November 21, 2006---Class 23---Monte Carlo Error Analysis
Activities:
Monte Carlo Error Analysis (Section 11.4)
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In the past, I have assigned a homework problem related to this;
however, since I don't want to burden the class with more
homework, I will demonstrate how problem 11.10 on page 428 is
done.
(a) estimate the integral of exp(-x) between x=0 and 1 using the
sample mean Monte Carlo method. Use n=10^4, 10^6 and 10^8
points.
A code exp.c can be found on Nations in ~sg/nov21. This code
was explained in detail. The code was run with n=10^6 and 10^4
points, but 10^8 was taking too long. Since the program has an
optional second argument to repeat the experiment multiple
times, we generated 100 samples for each value of n. We also
run with n=10^3 since 10^8 was not available.
The value of the integral was computed using Mathematica.
It is 0.632121. The code computes both the estimate of the
integral and the variance of the function.
We plotted histograms of the results for all three values of n
using a simple shell script makehist.csh. We modified the
histogram to plot the error rather than the value of the
integral. Here are the commands to plot the histogram of error:
#!/bin/csh
(awk '{print $2-.632121}' exp_1000 | hist -n 20 -g 2; \
awk '{print $2-.632121}' exp_10000 | hist -n 20 -g 2 -m 2; \
awk '{print $2-.632121}' exp_1000000 | hist -n 20 -g 2 -m 3) |axis |plot -Tx
We found that the variance of the function divided by sqrt(n)
[See Eq 11.23b] was in very good agreement with the widths of
the three histograms. Thus we verified that we understand the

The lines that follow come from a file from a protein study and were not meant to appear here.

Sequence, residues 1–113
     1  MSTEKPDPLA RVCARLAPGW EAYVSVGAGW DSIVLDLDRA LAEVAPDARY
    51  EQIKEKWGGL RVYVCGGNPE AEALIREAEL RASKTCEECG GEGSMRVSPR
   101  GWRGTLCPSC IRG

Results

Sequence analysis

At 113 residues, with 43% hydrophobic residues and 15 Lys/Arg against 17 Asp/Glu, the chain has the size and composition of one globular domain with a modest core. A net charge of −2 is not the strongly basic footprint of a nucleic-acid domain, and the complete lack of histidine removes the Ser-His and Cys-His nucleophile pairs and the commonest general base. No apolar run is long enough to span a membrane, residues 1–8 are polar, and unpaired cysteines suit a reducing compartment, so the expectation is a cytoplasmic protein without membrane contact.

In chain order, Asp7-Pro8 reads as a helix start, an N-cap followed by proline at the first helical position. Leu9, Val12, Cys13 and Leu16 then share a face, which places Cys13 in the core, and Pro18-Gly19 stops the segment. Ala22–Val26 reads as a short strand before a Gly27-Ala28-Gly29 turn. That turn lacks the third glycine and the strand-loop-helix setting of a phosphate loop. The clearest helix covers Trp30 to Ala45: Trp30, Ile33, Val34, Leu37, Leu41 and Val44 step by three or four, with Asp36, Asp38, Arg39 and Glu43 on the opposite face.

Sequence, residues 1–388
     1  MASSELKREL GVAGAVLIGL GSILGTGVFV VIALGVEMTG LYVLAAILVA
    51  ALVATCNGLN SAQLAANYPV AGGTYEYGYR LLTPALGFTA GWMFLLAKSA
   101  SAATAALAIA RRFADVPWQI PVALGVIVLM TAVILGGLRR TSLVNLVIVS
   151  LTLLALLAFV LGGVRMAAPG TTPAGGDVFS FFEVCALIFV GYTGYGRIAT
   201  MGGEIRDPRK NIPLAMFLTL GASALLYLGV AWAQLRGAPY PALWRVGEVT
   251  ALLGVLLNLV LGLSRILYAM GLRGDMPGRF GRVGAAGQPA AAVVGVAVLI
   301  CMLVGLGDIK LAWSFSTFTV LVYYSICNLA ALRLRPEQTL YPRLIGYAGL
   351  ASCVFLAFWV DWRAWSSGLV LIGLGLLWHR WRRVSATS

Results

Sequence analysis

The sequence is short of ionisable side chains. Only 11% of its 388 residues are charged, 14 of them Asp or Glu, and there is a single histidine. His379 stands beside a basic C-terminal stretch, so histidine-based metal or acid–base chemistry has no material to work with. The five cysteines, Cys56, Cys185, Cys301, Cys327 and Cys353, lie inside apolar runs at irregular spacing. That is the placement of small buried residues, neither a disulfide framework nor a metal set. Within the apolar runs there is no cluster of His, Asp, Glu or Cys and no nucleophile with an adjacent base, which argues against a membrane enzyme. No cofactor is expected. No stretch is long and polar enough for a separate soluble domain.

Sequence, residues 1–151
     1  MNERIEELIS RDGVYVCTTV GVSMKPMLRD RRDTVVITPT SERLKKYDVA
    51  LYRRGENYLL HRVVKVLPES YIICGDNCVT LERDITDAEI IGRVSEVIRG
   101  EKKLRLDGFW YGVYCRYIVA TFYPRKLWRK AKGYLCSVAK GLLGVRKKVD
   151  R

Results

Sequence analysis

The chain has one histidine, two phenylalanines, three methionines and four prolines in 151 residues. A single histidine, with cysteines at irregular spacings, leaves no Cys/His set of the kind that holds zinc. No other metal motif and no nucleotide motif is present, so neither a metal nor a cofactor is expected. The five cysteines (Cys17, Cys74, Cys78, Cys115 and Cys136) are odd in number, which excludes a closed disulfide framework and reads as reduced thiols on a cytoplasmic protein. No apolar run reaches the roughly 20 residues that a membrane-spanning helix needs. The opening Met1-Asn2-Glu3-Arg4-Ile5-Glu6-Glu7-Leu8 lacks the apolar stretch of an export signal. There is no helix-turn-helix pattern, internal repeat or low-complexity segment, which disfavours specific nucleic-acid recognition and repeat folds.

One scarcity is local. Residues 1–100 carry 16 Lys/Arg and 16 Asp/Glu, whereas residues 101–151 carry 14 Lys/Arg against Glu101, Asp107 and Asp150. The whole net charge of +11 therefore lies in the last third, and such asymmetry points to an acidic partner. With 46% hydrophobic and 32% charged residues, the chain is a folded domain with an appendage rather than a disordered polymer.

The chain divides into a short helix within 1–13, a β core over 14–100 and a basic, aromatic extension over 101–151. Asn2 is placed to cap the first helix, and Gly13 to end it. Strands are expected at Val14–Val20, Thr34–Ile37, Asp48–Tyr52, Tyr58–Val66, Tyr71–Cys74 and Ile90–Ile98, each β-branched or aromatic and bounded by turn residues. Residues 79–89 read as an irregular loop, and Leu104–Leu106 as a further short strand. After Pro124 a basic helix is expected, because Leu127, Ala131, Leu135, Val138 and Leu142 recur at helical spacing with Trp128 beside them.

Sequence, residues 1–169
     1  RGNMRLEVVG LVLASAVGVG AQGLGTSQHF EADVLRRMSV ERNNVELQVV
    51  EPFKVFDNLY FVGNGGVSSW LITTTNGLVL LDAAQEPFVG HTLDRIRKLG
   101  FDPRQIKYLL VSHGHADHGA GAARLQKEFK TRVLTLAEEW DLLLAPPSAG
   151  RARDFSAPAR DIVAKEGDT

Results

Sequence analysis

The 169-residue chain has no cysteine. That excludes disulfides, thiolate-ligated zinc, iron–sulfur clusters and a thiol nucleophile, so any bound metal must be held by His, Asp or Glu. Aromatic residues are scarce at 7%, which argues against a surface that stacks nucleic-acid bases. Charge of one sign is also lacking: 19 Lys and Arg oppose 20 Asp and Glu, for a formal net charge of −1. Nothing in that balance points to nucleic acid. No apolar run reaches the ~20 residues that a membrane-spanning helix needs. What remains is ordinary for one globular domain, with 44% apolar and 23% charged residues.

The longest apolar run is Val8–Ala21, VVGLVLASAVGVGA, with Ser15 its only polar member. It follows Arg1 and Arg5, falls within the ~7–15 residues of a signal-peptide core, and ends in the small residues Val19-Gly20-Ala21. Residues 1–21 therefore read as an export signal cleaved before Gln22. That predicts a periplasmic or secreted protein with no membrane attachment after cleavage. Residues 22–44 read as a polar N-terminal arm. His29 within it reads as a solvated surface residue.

error from this method. It only falls like 1/sqrt(n), and the
error is smaller for functions with smaller variance. This
leads to the idea of important sampling methods discussed in
Section 11.6.
(e) We then looked at the integral of cos^2(theta) for theta
between 0 and 2 Pi. This integral is clearly 0.5. The book
asks us to do the integral by using a series of correlated
values for theta, i.e., a random walk in theta. When we do
this, we find the naive error formula Eq. 11.23 is not appropriate.
We looked at the codes cos_sq_ralk.c and cos_sq.c. The former
has the random walk, while the latter is a standard sample mean
Monte Carlo code. We ran cos_sq_rwalk with n=10^6 for 100
samples.
The code details.c prints the entire history of the random walk
and it also does at the same time a uniform sampling such as in
cos_sq.c. On each line of output is the value for each
procedure with the random walk first.
I did a long run, that filled my disk space. Unfortunately,
when the output was analyzed with blockerr, it was clear that
the error was not correctly calculated. Here is an example from
the random walk (first column) with 100000 samples:
100000 items, block size = 1 average= 4.948896e-01 +/- 0.000000e+00
This was not a good way to break for Thanksgiving. The problem
is due to round off error and will be fixed in the next class.